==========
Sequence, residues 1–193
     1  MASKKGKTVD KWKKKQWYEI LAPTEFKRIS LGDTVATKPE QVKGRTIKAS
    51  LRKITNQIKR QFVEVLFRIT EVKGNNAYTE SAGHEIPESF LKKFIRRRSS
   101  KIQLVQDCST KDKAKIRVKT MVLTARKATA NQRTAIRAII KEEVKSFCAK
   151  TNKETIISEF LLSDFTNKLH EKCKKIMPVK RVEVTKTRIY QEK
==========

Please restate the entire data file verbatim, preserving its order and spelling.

Sequence, residues 1–193
     1  MASKKGKTVD KWKKKQWYEI LAPTEFKRIS LGDTVATKPE QVKGRTIKAS
    51  LRKITNQIKR QFVEVLFRIT EVKGNNAYTE SAGHEIPESF LKKFIRRRSS
   101  KIQLVQDCST KDKAKIRVKT MVLTARKATA NQRTAIRAII KEEVKSFCAK
   151  TNKETIISEF LLSDFTNKLH EKCKKIMPVK RVEVTKTRIY QEK